That’s the kind of innovation, which I think it will really empowers the art world and especially the new media and digital art world. I think that’s like one of the biggest kind of technological innovations and I think it’ll drive so much creation, creativity, and support for digital artists. I think digital artists in the fine art world have been really, terribly underserved. I think that the art market collectors, they don’t really prefer digital art. I think partially because there’s no way to kind of guarantee that it’s unique and there’s a sense where it’s just less valuable. I think NFT will help that.
The other thing is that I think crypto also brings very different economic models to the art world, which I think are very important for artists. Right now, artists are subject to the the gallery system, the art fair system, the option system and they don’t have a lot of power, really, they don’t have a lot of autonomy. But with artists who are creating digital art and NFTs suddenly they can become their own gallery. Right? If they get dropped by their gallery, they can simply just issue their artworks directly to the public.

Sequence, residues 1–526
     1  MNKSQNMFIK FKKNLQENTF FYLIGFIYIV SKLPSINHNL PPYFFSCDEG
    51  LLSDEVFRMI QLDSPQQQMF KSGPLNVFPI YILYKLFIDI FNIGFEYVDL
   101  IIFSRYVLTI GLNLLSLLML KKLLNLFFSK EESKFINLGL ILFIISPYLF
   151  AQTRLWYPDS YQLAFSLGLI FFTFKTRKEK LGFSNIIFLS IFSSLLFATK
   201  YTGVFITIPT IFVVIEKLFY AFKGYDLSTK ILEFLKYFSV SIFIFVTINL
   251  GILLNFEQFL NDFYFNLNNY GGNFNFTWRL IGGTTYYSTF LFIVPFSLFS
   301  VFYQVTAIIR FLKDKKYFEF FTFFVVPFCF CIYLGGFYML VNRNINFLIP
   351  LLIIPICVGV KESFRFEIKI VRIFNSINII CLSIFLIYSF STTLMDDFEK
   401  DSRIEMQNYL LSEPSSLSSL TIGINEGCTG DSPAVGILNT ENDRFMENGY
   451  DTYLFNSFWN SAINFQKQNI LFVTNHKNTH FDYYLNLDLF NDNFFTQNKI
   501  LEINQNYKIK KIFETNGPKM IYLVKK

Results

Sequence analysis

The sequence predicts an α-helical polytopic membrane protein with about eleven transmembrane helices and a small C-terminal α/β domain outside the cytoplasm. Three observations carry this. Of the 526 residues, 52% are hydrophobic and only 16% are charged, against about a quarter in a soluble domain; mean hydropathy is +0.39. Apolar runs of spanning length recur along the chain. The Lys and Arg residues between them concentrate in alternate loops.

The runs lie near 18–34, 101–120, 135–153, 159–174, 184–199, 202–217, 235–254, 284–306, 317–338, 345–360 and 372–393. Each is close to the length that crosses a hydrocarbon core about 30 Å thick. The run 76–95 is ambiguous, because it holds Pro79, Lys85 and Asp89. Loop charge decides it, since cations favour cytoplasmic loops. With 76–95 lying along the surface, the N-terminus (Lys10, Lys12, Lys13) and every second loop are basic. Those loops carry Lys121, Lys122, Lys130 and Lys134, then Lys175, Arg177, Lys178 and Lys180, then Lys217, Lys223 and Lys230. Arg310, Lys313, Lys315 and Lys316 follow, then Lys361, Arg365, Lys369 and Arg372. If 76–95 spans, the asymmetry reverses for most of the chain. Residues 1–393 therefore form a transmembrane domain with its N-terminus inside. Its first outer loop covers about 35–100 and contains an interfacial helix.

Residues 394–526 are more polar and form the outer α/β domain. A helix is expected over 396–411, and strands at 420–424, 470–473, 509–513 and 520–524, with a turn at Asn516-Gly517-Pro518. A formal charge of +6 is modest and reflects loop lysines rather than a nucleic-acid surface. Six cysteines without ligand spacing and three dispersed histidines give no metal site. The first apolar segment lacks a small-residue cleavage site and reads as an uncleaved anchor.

That’s not to say that galleries aren’t important, operators aren’t important, they’re all important. But they shouldn’t be the end game. They shouldn’t be the only thing. I think what we’re seeing now is the kind of opening up of channels for artists to directly to their audience and to their collectors and to the public. I think that’s a huge innovation that this kind of crypto NFT phenomenon presents and we’re only just scratching the surface it’s gonna be I think in 2 years time, the art world will look very different.